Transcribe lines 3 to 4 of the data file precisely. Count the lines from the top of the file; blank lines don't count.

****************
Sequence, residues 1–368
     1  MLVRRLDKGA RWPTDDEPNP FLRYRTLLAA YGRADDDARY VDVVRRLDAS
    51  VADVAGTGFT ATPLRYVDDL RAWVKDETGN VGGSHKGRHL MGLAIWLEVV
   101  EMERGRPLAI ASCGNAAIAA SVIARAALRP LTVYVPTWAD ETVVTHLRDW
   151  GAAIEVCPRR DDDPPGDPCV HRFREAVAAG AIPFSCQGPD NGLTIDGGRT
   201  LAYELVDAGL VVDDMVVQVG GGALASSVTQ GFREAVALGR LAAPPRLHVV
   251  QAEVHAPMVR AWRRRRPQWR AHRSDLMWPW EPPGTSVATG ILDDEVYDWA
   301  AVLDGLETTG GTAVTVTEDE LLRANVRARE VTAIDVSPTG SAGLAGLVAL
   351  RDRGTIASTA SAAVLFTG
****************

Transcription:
    51  VADVAGTGFT ATPLRYVDDL RAWVKDETGN VGGSHKGRHL MGLAIWLEVV
   101  EMERGRPLAI ASCGNAAIAA SVIARAALRP LTVYVPTWAD ETVVTHLRDW